EDIT: I've noticed a white tip on the lower part of the caudal fin, and possibly edged with faint black. I will observe this just in case it's entirely normal colouration I've never noticed before. However, my mind is thinking fin rot...if that's the case, I'm not sure what I can do for the little guy. Do I treat the whole tank and risk potential side-effects from medicine, or opt for euthanasia given that it means he has more than one issue going on (and therefore any treatment may be insufficient to solve the primary infection)?

EDIT 2: It's visible in that video I filmed on 3rd May, so...dunno what to make of it now. Don't think that's fin rot any longer, or I don't think it as much. I'm still not going to entirely discount the possibility, but still... Heh, good job I checked the video.
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Old 05-09-2015, 05:20 PM   #15
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I wouldn't euthanize yet. Your doing great by monitoring him closely. I would up my water changes and keep watching for improvements.
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Old 05-09-2015, 05:43 PM   #16
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It's a 30% change tomorrow, possibly up to 40%, and then I'm not free all week from tomorrow afternoon (unless I get a family member to mess around in the week, but if anything goes wrong...I really don't have the opportunity to fix it). I replace at least 30% each weekend (usually more, it's between 15-20 litres), perhaps next weekend I will split it into two cleans - a one-off 50% clean on Saturday just for water replacement and maximum impact, and then one 2-3 litre change on the Sunday just for the filter (2-3 litres just to have enough water to wash it and the filter media in). It'd definitely be less trouble splitting it if I want to do a large replacement (I spend at least 15 minutes on the filter...then ages on mucking about with the plants and algae on the glass).

As to the tail...I've got video from the 6th April and before, it was there then. Not fin rot in that case...good job I obsessed back then and filmed the Minnows.
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Old 05-09-2015, 07:27 PM   #17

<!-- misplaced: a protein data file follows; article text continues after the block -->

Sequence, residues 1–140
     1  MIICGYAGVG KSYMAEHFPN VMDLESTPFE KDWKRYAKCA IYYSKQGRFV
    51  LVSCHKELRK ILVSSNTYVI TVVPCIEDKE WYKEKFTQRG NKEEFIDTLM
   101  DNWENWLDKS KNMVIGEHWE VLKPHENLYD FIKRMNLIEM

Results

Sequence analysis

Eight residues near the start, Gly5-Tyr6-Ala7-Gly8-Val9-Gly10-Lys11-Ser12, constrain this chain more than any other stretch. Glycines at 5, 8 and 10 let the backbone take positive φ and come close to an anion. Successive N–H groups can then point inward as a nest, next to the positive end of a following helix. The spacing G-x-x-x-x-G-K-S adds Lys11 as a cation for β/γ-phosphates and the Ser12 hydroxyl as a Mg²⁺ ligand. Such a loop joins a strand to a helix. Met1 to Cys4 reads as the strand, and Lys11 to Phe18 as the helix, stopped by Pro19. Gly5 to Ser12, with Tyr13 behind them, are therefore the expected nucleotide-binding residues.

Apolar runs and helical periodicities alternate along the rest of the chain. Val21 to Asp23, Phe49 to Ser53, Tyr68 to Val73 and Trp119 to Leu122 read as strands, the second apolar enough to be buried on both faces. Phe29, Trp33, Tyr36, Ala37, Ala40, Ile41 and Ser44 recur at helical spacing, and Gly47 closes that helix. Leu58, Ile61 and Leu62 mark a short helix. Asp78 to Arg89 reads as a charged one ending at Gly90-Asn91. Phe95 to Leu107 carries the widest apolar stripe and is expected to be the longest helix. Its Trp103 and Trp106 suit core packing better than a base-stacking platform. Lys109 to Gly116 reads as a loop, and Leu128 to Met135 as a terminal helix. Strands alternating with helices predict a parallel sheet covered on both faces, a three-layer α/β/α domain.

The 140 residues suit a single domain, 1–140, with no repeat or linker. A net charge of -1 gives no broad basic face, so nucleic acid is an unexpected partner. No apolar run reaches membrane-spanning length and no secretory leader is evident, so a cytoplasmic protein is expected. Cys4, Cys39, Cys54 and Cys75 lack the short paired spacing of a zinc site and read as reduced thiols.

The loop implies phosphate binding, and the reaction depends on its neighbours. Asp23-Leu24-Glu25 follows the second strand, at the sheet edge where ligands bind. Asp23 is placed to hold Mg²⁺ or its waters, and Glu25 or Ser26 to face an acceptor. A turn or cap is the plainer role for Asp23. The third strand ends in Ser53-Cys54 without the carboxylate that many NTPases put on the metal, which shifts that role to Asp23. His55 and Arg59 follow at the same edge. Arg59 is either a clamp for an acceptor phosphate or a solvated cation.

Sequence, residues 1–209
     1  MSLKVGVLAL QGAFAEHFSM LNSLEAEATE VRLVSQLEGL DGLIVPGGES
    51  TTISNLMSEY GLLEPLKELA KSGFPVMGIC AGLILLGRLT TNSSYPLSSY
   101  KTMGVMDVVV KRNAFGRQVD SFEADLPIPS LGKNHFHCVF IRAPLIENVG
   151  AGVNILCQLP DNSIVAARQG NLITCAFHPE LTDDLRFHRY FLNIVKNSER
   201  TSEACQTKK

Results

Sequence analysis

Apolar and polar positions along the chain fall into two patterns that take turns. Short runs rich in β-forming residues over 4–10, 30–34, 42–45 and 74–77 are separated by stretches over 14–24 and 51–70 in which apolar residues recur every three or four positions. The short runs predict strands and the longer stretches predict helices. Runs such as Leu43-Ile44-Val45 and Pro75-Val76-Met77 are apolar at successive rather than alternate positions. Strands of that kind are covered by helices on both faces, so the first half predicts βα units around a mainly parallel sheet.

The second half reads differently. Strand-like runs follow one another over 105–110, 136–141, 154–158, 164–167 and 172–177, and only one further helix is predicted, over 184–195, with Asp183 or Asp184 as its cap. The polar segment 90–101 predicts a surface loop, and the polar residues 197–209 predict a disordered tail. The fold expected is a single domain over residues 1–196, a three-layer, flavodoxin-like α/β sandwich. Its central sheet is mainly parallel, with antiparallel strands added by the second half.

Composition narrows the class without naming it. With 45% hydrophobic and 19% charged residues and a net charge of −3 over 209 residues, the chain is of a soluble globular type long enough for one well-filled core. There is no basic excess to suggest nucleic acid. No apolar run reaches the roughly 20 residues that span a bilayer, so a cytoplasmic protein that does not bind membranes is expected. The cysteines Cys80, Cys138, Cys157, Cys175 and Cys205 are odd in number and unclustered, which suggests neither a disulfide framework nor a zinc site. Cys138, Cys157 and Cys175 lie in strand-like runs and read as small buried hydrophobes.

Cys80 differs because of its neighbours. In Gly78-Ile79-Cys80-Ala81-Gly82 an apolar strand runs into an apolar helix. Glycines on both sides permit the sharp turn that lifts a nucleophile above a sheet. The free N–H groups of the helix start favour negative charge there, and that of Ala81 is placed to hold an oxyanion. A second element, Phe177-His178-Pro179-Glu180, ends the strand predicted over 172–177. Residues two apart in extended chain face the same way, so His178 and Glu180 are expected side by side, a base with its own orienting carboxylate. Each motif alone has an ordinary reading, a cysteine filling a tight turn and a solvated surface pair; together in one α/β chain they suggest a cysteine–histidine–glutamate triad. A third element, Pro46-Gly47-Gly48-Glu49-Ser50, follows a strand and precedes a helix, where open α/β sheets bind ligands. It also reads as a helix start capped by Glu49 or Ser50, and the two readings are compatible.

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Excellent! If possible I would try to fit in a 50% change tomorrow but no worries if you can't. In the case of any rot clean water is important.

I'm so sorry this thread hasn't received more attention. The members here are normally very helpful. Idk why this has stayed under the radar.
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Old 05-09-2015, 08:02 PM   #18
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I have looked at this thread several times without good explanation.
White clouds are said to live from 3-5+ years and possibly the fish is growing old?
Does the spot look like lymphocysitis?
The mouth looks like damage from fighting with the other male IMO.
I don't think anything came from your old bucket as thorough drying(a year!) is said to work well against transferring disease.
I'm sorry I can't be more help but I admire you taking good care of your fish!
I had long finned white clouds years ago and they were so beautiful!
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Old 05-10-2015, 03:59 AM   #19
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I have definitely had this Minnow and another female for 2 1/2 years upwards. Since I rehomed the Clown Loach in February, I've turned the heater completely off and the temperature range has been between 21C to 23/24C throughout the day (absolutely nothing more I can do there unless I don't use the tank light, which then means trouble for my plants), but when the heater was on (which was for the 2 1/2 years those two Minnows have been present), it was going up to 26C. I may have to consider the possibility it has advanced their ageing.

The one tropical freshwater specialist I've emailed did say the spot looked cystic, but that the likely parasites needed an intermediate host such as snails (uh-oh...I have one largish pond/bladder snail, and two other very small stowaways of another genus - I plan to eliminate all I can today to be completely safe). If it isn't parasites, maybe it is lymphocystis...in which case, I'm not sure what to do.

As to a 50% change today...I'd want to separate it from when I do the filter to give myself the extra time. It already takes me upwards of an hour to an hour and a quarter to do a clean as I obsessively clean any gunk out of the filter (there can't even be a smidgen! I have to restrain myself sometimes), and I really don't have the luxury of time today. I also temperature match the water as best as possible, sometimes slightly warmer (usually a mix of slightly warmer and slightly cooler), and add it in over 10-15 minutes...I do rush a little (although I haven't observed temperature shock yet).
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Old 05-10-2015, 08:11 AM   #20
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I hadn't even thought of heat accelerating life span.
Very possible.
On the parasite and secondary host,IMO it is not a problem that exist because of the snails or "secondary host".

I also can't say getting rid of the snails won't help,it may?
There are an equal amount of parasites that don't need a secondary host that infect our fish like flukes,ich,oodinium.. they need only one host ,the fish.
Viruses | The Skeptical Aquarist
Lympho is a virus so no cure or treatment.
Often it is not quickly fatal,or highly contagious.
I will add a small note I found hidden in a columnaris link on the issue of desease and older fish;
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• A common portal for a Columnaris infection is simply an older and weaker fish. Old age allows many opportunistic infections to get a foothold in at least the fish in question.

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I am not suggesting columnaris(may be a first?),but do believe the statement can/does apply to many other issues also.
Good luck and hope this all helps.